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January 2001

A Life Of Crime
March 2001 Hackwriters Editorial

It’s a terrible crime - you get paid to work out the most god-awful outrage, do something absolutely brutal against humanity and you are allowed to display these grisly creations in shops all across the country. They even give you awards for it. It is depraved and unfair and yet - we all want a piece of the action. Right now ‘Hannibal ’ is all the rage, big in the box office and astonishingly, the soundtrack is played on classic FM. Why are we so fascinated by crime? Why do millions of books on crime sell every year? Crime fiction, True crime, Historic crime; there is no end to the appetite for this stuff and yet as crime figures rise in our cities and rural areas, so does our fear of crime. You’d think we’d want to read nice happy stories, wouldn’t you, to take our minds off it?

We have been very lucky at Hackwriters these past few weeks with the excellent and popular crime and thriller writers Joanna Hines and Michelle Spring visiting us to give us the inside view of making crime pay.

Joanna Hines's latest is ‘Improvising Carla' (published January 2001). It's a gripping psychological thriller that has found a deserved place in the bestseller lists. Joanna was teaching us how to avoid pitfalls and keep a novel on track. She is based here in Cornwall, so it’s great to have a local writer make time for aspiring future competitors. Joanna works hard and it is fascinating to see how skilfully she plans and develops her literary themes.

Michelle Spring followed closely on her heels. She is the author of the upcoming ‘In the Midnight Hour’, published this April. What we discovered is not so much about the craft of writing; we know it is hard and depends on good research and characterisation, but the astonishing amount of effort that goes into marketing, making sure you network, and getting people to know you. Michelle in particular taught us that the world isn’t waiting for us to finish our great work. You have to put in as much effort as you put into writing it into making sure people care about it and want to read it. In a forest of books, how do you get yours to be seen and bought instead of others? We learned a great deal from both authors and nothing they said deterred us from getting out there with our manuscripts to look for agents and publishers when the time comes. More importantly Michelle pointed us to her new collective of crime writers, banding together to support and nurture each other in a group called ‘The Unusual Suspects’. Check them out and when they appear in your area, go and support them. You’ll learn something and find a cracking good read.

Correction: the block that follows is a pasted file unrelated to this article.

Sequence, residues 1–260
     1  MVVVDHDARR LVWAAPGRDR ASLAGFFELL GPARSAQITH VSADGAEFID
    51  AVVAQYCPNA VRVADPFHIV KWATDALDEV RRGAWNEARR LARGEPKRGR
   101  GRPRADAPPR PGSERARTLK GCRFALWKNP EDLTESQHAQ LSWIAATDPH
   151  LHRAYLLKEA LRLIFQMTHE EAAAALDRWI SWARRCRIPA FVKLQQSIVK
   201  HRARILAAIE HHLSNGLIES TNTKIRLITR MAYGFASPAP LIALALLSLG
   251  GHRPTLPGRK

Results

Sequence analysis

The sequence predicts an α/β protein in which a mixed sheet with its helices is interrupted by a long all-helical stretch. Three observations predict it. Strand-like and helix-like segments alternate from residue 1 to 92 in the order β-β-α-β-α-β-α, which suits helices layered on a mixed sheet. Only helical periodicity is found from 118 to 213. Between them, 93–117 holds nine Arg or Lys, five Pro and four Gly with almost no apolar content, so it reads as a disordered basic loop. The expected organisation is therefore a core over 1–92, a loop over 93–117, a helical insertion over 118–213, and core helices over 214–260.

Thank you Joanna and Michelle.

Joanna with the Hackwriters Team Pic:


The publisher, Robert Rimmer
"A chiller of a thriller about real women... beautifully crafted, subtle and good."
- Frances Fyfield
Paperback - 352 pages (19 April, 2001) Orion; ISBN: 0752824813 Sales Rank: 52,274 Synopsis:
12 years ago, a child vanished without trace. Now on a quiet street in Cambridge, the mother discovers a young man whom she hopes is her missing son. If he is, where has he been all these years? And what is his connection with the violence that begins with his arrival and ends with murder?

'Midnight Hour is a wonderfully tight portrait of a human tragedy. The setting and locations are wonderully realistic - you feel Michelle Spring is there in person documenting this family - excellent work' Sam North

See also The Unusual Suspects

This brings up to March in Hackwriters. We want to say a big thank you to for awarding us The Metaplus Creative Writing Website Award 2001. It has come at a time when we are launching our new First Chapters section in Hackwriters. Jayne Sharratt has sent us her wonderful opening to ‘Life in a Northern Town’ and Joerg Lisgard demonstrates his stuff with the first three short chapters of ‘Love’ a novella. Since I know no shame, my own novel ‘Going Indigo’ first chapter is up there too, as it has just come back onto the market following the termination of my old publishers. For publisher and agents, our showcased writers retain all their rights and we only request a finders fee should the books be taken on. We also retain our first chapter sample rights when we do a print version of Hackwriters.

Hackwriters is growing. We are a magazine that is constantly evolving and we do so with the help of our readers. It needs you, the reader, to help spread the word. If you are also a writer of quality work, submit it to us. (Yes, we do reject work; but we are here to encourage talent that attempts to respect the written word, good ideas, has style and wit. If you submit a first chapter, you must be committed to completing the whole novel). Or we send Oliver round with a big scowl.
All constructive feedback is sent to the authors. We hope this section of our award-winning fiction site will grow into something good and respected by agents and publishers.

Right now we are showcasing the very talented Carine who is looking for a media or publishing job in London. We will be showcasing other writers and contributors to Hackwriters in the near future

This month we're writing about Sport (this week's issue), the images that foreign countries project, Business and Politics and the Short Story. If you fancy any of those themes, write on. We want to hear from you. You chose the content, we set the theme.

All the best and may the farmers recover, the slaughter of the animals be forgiven and your rail journeys be safe. (What are the odds of Russia’s Mir space station landing on the 9.45 from Truro anyway?)

Sam North - Managing Editor

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